Even though the Fall 2015 semester is just warming up, students in the W&M Appellate & Supreme Court Clinic are hard at work. The Appellate & Supreme Court Clinic provides an awesome opportunity for 3L students, as it enables them to represent clients in appellate cases. Clinic students choose cases, write motions and briefs, and even present oral arguments in Circuit Courts across the country. It is an amazing opportunity for any lawyer, let alone a third year law student, to be able to argue in front of a Circuit Court. The clinic, taught by Professor Tillman Breckenridge, focuses its attention on unique or controversial First and Fourth Amendment issues of law.
On September 16, 2015, my clinic partner, Amber Will, argued in front of the Fourth Circuit. The case she argued is about whether evidence of drugs found in our client’s car was lawfully obtained by police officers. In the weeks leading up to her argument, I helped Amber prepare her argument by talking through hypotheticals, attending moot arguments with professors who specialize in Fourth Amendment law, and making plans for us to travel to Richmond. All too quickly, it was the day of the argument.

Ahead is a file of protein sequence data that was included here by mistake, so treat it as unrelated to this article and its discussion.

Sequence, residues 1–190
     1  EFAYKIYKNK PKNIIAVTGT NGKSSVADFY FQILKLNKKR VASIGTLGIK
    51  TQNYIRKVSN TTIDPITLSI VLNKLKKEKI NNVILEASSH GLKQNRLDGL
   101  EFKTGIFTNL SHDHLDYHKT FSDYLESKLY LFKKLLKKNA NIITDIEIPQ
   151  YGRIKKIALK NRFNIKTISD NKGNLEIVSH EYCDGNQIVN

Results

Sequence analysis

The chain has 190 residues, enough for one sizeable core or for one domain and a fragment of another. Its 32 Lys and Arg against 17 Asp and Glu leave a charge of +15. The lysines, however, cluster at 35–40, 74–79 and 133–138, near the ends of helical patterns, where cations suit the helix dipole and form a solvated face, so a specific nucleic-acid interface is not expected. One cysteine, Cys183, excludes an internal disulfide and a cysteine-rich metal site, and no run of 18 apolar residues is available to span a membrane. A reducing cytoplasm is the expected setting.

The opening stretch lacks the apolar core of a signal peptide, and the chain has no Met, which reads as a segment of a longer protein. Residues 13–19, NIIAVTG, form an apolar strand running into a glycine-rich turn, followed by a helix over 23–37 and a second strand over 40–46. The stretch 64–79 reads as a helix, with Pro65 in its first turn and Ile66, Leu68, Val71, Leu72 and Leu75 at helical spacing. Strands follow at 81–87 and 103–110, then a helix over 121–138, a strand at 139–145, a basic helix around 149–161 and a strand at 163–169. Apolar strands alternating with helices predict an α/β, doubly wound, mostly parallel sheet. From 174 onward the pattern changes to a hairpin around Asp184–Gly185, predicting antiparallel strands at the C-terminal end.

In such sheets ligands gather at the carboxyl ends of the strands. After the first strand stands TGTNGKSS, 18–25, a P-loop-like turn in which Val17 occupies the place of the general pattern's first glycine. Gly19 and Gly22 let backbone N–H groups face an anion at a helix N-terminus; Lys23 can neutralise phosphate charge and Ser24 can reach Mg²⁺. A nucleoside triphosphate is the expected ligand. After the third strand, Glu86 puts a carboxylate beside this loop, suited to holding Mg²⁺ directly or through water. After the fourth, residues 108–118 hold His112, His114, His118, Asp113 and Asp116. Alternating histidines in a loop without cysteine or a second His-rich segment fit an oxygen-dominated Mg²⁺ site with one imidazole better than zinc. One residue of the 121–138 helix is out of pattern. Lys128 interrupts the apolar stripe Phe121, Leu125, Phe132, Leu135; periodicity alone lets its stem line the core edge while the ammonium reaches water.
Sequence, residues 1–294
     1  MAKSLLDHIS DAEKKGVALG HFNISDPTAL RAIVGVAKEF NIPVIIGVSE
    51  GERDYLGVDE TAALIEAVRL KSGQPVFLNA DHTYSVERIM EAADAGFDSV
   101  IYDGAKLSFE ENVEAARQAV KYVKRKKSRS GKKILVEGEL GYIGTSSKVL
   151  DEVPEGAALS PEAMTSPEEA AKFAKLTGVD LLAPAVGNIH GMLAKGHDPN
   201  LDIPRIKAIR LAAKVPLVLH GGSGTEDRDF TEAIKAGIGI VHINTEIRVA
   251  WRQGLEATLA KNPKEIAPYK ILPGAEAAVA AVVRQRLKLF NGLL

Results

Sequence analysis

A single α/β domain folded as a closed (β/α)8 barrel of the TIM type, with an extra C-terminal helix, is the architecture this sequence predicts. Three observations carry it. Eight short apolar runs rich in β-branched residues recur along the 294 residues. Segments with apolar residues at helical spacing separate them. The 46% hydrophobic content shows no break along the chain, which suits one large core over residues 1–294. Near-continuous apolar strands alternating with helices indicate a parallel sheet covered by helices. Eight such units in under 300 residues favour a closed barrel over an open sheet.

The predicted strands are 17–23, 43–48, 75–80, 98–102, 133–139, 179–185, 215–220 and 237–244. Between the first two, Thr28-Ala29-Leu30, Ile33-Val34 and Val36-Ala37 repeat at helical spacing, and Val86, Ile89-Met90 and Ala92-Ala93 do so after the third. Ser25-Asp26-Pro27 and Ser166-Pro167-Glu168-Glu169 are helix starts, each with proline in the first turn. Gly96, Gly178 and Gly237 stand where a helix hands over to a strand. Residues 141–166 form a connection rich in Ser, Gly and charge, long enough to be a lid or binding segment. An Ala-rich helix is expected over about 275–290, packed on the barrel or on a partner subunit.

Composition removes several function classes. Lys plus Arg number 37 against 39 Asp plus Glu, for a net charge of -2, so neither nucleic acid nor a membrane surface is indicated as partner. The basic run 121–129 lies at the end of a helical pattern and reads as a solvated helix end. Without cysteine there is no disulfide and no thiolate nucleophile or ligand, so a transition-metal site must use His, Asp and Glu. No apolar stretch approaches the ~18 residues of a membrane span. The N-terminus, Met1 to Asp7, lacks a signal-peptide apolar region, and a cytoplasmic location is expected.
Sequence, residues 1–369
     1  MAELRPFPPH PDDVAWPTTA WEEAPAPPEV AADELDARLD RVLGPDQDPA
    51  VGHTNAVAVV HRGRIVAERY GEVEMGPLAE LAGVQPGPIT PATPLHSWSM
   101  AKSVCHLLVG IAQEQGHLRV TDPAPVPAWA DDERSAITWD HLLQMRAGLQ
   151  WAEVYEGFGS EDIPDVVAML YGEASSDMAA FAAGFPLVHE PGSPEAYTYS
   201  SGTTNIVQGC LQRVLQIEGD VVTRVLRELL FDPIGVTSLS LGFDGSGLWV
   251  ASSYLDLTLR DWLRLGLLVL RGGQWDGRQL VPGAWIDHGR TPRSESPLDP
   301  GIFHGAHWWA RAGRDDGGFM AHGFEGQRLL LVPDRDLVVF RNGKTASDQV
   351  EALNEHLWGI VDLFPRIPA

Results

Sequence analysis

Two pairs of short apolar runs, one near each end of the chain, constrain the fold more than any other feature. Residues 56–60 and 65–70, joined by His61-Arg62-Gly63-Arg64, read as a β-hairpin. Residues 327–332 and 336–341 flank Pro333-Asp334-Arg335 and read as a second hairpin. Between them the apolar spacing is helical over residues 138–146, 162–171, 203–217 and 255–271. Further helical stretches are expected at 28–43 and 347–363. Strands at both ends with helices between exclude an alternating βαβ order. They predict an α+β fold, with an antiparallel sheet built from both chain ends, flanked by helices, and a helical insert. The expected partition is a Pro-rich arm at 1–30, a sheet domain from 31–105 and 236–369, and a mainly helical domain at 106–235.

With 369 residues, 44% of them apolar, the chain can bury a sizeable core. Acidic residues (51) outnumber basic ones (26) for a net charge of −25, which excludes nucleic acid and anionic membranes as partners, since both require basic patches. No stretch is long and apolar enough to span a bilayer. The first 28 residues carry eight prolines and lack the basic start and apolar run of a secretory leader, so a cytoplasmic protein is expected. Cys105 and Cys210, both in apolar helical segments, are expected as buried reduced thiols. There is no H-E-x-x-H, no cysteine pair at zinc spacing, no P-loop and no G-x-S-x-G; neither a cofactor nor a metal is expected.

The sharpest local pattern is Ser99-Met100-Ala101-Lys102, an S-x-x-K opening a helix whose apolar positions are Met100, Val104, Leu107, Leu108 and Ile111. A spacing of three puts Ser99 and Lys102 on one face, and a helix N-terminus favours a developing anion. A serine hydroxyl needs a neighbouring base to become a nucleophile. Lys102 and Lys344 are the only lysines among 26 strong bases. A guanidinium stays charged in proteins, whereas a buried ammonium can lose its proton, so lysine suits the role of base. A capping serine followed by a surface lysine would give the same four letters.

Amber and I walked into the Fourth Circuit, nervously wandering the hallways searching for attorney check-in, where we had planned to meet Professor Breckenridge. It felt imposing (but so cool!) to be in the Circuit Court. When we checked in with the courtroom clerk, she wished Amber luck, saying “I hope you do better than the last law student who argued in my courtroom – he passed out at the podium!”
The argument scheduled before Amber’s was an immigration case, about whether an illegal immigrant should be granted asylum because he was targeted by Honduran police to be a drug runner. It was really neat to hear this argument and realize that I had a solid grasp of the issues in the case – my Immigration Law class was coming in handy. The argument raced by, and suddenly it was time for Professor Breckenridge to introduce Amber to the panel.
Amber absolutely killed her argument. She had articulate answers for every judge’s question, and they did not go easy on her. She outshone all the other lawyers that we heard argue, not only because of her solid, organized grasp of the law, but because she learned every detail of the record, down to the second the client’s traffic stop ended. Afterwards, in the Fourth Circuit, the judges come down to shake the lawyers’ hands. All the judges paused when greeting Amber, congratulated her, and emphatically told her what a great job she did. Immediately after the argument, it finally sunk in what an invaluable experience it was to get involved with appellate cases and to argue in Circuit Court. We went out for a celebratory lunch in Richmond, then drove back to Williamsburg – and straight back to classes.
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